At about 3:50pm last Friday, we were driving back along US-27 towards our winter 'home' in Buttonwood Bay when we were passed by 3 police canine vehicles going south like proverbial bats out of hell. It was unusual enough to elicit a few comments about what might have been going on, but that was it.
As we approached the entrance to the park, we saw a few more police cars but again, thought nothing of it. A short while after that, while visiting with friends inside the park, we saw and heard police and tv station helicopters flying overhead and by then we'd learned that a Florida Highway Patrol officer, Sgt Nicholas Sottile, had been shot and killed after a routine traffic stop just a few miles down the road.
Over the next few days, the story naturally dominated local news and much was said about it any time residents gathered within the park. To quote the local news report...............Joshua Lee Altersberger, 19, allegedly shot 48-year-old Sottile in the neck Friday afternoon when the trooper pulled him over for reckless driving on U.S. 27 north near Cloverleaf Road.
Maybe it's because this was easily the closest I've been to a crime of any sort that it affected me so much. Maybe it was the absolute senselessness of the crime that's made it hard to shake from my mind. Maybe it's that this area seemed so safe and relatively crime free to me since I got here 3 months ago that's made this murder all the more disturbing. I guess all of these are reasons for me never to forget trooper Sottile and why hundreds of residents, me included, went out to the park entrance today just after 2pm to stand in line as the funeral procession drove by.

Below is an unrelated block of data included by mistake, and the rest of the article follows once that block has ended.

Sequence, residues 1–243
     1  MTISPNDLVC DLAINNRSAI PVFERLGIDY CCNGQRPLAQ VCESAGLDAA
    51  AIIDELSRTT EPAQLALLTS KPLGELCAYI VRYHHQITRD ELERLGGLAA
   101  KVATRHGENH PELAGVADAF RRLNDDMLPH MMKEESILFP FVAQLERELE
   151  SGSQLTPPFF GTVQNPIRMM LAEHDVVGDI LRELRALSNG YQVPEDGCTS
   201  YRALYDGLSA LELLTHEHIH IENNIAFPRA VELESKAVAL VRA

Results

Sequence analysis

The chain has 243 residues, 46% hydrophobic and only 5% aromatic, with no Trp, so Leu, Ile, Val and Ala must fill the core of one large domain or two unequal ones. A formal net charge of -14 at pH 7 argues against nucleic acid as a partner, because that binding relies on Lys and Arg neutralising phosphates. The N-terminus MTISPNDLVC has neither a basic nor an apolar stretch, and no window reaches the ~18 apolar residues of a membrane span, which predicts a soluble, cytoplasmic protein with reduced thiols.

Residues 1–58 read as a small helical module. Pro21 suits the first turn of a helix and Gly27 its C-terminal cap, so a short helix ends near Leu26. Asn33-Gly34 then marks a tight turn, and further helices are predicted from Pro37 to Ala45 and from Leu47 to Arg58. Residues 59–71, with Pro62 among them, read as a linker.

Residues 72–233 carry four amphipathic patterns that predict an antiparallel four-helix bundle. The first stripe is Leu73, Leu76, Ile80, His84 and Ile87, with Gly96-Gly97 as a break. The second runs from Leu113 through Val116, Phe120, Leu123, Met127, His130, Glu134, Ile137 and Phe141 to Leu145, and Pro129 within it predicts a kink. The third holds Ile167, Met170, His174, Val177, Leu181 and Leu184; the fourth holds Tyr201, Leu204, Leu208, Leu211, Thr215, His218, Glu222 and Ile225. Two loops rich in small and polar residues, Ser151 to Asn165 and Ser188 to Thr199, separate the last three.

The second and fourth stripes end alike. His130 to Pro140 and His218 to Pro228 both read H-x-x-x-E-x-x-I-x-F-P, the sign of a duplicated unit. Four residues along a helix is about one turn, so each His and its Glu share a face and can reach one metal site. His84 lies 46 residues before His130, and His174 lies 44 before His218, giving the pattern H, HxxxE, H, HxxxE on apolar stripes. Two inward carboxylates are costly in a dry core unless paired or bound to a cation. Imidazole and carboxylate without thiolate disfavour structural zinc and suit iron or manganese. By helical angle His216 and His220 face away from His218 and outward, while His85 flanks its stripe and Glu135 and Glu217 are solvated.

There was a wish, nay a need, to stand together and honour a man who put his life on the line for 24 years and who deserved to be with his wife and family for many happy years of retirement.
Instead he was killed by some 19 year old deadbeat who, as they were being pulled over, told his passenger that he was going to shoot the officer and this prompted the passenger to flee the scene before it happened. I'm sure family and friends of Sgt Sottile are asking the question.......why didn't this passenger shout a warning to the officer ??? I know I am.
In any case, events took their course and now a wife is a widow and a family is without a father - a man who by all accounts was a credit to his job and the community he served so faithfully till the end.
And so we got in our golf carts, climbed on our bikes or simply walked out to the edge of US-27 and waited for the procession to go past us taking the body of Sgt Sottile on his final 10 mile journey back to Lake Placid.
I once counted the number of 'lots' within the park and got a figure of 940. Some lots are, of course, vacant for one reason or another but if one says that most occupied residences have 2 occupants, then a rough estimate of the total number of residents would come to 1800.